That immediately separates her from every other past Fist Lady in the largest and most important city in the United States. It is not surprising since their marriage in 1994, and even before in 1991, Chirlane has been at the center of Bill de Blasio’s political career.
It remains to be seen how her Caribbean and Barbados roots will impact decision making in the city, but now is a time for hope that a usually invisible Caribbean American bloc can become more visible.
“I’m very proud that the new first lady of NYC is of Barbadian heritage,” Attorney Davida P. Holmes, the NY Asst. Treasurer of the Council of Barbadian Organizations, Inc., told News Americas. “Barbadians are making a name for themselves throughout the United States and the world. We have Bajan born or Bajan heritage in various positions in the US such as Eric Holder as the US attorney general, the new mayor of Plainfield NJ, Adrian Mapp, Dennis Walcott, NYC Dept of Education chancellor and of course our very own Rihanna.
McCray traces her Bajan roots as far back to her maternal great grandmother, Louisa Parris and her maternal grandmother Irene Quashie Edwards, who was born St. Lucia but grew up in Barbados before moving to the United States in or around 1908. There is no record of her arrival at Ellis Island.
But reports indicate she stayed in Brooklyn, New York before settling in Claremont, New Hampshire, where she married Valdemar Edwards, who also born in Barbados.
McCray’s mother, Katharine McCray, was one of eight children born on May 28, 1925 to the late Valdemar and Irene Quashie Edwards. She was a step-daughter to the late Kathryn Edwards and sister to sister to Mae Sanford, Lena Lowe, Sylvia Johnson and the late Edna Edwards, Vivian Edwards, Millicent Wake, Elinor Leithand Clarence Edwards.
In Claremont, New Hampshire, Katharine grew up and graduated from Stevens High School before moving to Springfield, Massachusetts. In Springfield, she married Leo Jackson and had a son, Reginald Jackson. After their divorce, she married the late Robert McCray with whom she had three children, Cynthia Davis, Cheryl McCray and Chirlane McCray, the NYC’s incoming first lady.
Holmes says with such roots “you never know … the aromatic smell of cou-cou and flying fish and rhythms of Alison Hinds, Mikey Blood and Edwin Yearwood might be heard wafting from Gracie Mansion and City Hall.”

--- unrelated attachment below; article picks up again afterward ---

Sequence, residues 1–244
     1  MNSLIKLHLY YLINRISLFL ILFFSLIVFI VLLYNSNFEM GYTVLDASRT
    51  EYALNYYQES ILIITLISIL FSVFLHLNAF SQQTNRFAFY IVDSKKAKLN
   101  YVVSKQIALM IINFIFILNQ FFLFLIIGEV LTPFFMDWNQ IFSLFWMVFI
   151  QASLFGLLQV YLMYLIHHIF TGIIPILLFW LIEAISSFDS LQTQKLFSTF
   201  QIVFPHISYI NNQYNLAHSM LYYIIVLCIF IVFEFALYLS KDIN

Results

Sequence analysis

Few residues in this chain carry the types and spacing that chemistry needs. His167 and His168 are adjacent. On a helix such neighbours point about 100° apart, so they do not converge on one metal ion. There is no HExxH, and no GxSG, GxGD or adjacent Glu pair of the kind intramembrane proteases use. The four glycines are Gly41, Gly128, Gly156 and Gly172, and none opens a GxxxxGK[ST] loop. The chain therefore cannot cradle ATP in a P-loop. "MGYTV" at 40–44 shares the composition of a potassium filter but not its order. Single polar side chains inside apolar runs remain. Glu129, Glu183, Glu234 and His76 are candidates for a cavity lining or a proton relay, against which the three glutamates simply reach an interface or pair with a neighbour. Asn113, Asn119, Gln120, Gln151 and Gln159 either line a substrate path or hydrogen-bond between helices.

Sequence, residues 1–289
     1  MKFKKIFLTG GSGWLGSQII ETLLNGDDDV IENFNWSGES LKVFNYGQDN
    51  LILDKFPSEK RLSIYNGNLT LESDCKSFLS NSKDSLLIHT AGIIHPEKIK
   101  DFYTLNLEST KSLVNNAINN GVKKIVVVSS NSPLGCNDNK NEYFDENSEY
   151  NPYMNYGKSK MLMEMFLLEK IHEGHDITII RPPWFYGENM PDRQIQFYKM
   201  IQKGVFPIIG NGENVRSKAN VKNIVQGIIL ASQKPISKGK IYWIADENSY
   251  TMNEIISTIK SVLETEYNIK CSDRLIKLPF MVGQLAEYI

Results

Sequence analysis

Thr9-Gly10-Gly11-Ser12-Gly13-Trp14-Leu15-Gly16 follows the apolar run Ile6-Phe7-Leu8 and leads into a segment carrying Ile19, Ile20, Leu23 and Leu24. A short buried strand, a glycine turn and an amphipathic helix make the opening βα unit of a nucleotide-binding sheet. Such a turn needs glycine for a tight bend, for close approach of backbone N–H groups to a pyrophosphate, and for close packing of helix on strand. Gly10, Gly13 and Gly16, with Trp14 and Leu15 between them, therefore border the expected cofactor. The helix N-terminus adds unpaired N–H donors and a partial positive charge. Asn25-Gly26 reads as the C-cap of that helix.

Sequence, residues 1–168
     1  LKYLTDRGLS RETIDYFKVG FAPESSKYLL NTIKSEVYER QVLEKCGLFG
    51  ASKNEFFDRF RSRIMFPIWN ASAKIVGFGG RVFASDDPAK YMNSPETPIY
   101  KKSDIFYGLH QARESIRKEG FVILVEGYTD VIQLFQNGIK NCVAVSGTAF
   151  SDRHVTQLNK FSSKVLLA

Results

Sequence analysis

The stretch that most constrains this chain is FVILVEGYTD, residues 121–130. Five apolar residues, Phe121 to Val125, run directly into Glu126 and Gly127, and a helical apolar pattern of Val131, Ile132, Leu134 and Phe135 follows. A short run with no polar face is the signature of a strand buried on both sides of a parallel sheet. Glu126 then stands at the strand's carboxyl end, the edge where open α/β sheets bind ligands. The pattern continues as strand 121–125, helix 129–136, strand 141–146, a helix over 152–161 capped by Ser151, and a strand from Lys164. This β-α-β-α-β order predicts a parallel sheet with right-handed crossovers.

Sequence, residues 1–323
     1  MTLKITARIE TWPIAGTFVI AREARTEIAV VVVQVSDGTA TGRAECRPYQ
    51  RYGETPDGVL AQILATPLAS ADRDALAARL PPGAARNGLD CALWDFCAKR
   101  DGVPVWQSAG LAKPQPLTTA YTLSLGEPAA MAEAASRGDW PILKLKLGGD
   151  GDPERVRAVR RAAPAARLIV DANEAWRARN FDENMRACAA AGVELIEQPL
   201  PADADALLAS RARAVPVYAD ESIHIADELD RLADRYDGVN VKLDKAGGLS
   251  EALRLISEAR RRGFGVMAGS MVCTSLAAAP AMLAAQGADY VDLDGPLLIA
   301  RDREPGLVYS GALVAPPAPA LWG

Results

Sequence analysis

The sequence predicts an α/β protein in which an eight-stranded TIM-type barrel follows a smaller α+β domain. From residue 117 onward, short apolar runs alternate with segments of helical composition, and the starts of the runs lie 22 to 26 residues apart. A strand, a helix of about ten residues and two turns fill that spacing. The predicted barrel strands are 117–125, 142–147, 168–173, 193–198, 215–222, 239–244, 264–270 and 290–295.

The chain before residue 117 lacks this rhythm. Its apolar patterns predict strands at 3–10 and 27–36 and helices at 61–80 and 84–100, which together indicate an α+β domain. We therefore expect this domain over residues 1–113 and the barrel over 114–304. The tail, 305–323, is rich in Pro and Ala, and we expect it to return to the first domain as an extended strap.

While Sherry Grimes-Jenkins, another Bajan New Yorker, is hopeful McCray “will implement some of our Barbadian and Caribbean training into New York City; allowing more room for more improvement, diversification and support of the cultures that help to make New York what it is today.”
Walter Edey, the former president of the Council of Barbadian Organizations, is also full of pride.
“To know that New York’s First Lady has Bajan roots is something for Barbadians to celebrate and tell every young person with Bajan roots,” said Edey.
Jeremy Stephen, President of the Barbados Economics Society, called it “very pleasing to have a Bajan in such a position” while Philip Harrison, took expressed delight.
“As a proud, born and bred Bajan, I am very elated to have a First Lady of NY who will fly the Barbados Flag high,” said Harrison.
Michael A W Callender, CEO of SMAC Productions, is also bursting with pride.
“As a Bajan-New Yorker, I am personally very proud that NYC city has gained its first black first lady, and more so that she has Bajan family roots,” said Callender, noting that even though McCray was born in the U.S. and grew up in Massachusetts, he was happy to note that she showed interest in Barbados and visited the island.
Incoming Mayor De Blasio went to Barbados with his wife and their two children, Chiara 17, and Dante, 14, in 2009 to find McCray’s family there and managed to connect with relatives there from perusing the phone directory after recognizing the name of a cousin, Stella Mayers.
On Labor Day, at the West Indian Carnival in Brooklyn, McCray said the experience was now richer knowing she still has family in Barbados.
“Now when people ask if we have family there we can say what parish and who they are,” she said in September. “We have Barbados in our hearts.”
“The First Lady with her deep-set eyes, disarming smile and strong opinions on the issues that matter to millions of New Yorkers, will surely be an asset to her husband, family and Barbados,” added Callender.
Annette Alleyne-Merritt insists it will be “a happy day” when de Blasio takes the oath of office.
“She is a strong lady,” said Alleyne-Merritt. “And we all wish the family, good health, peace and happiness.
Her advice: “It’s not going to be easy but always put God first.”
New Jersey resident and Barbadian migrant, Marjorie Maloney, can’t wait to meet McCray and hopes the new mayor and his wife hosts the return of the West Indian American Day carnival reception at Gracie Mansion next summer so she can get to take a picture with the new First Lady.
“I hope I can meet her one day,” said Maloney.
The de Blasio transition team declined an interview with McCray for this article, saying she was doing no interviews at this time, so we’re not sure how she feels about all the attention. Hopefully, they will be true to their word and let us know in the near future, as promised.
December 12, 2013
News Americas, BUENOS AIRES, Argentina, Fri. Dec. 13, 2014: The world’s fastest man will test his skills against Argentina’s Metrobus tomorrow, Dec. 14th in Buenos Aires.
“It’s going to be fun,” said Bolt of the run, that’s slated to be on the “Avenida 9 de Julio.”
The 9 de Julio Avenue or Avenida 9 de Julio is the widest avenue in the world and its name honors Argentina’s Independence Day, July 9, 1816.
The avenue runs roughly 1 kilometre (0.62 mi) to the west of the Río de la Plata waterfront, from the Retiro district in the north to Constitución station in the south in Buenos Aires.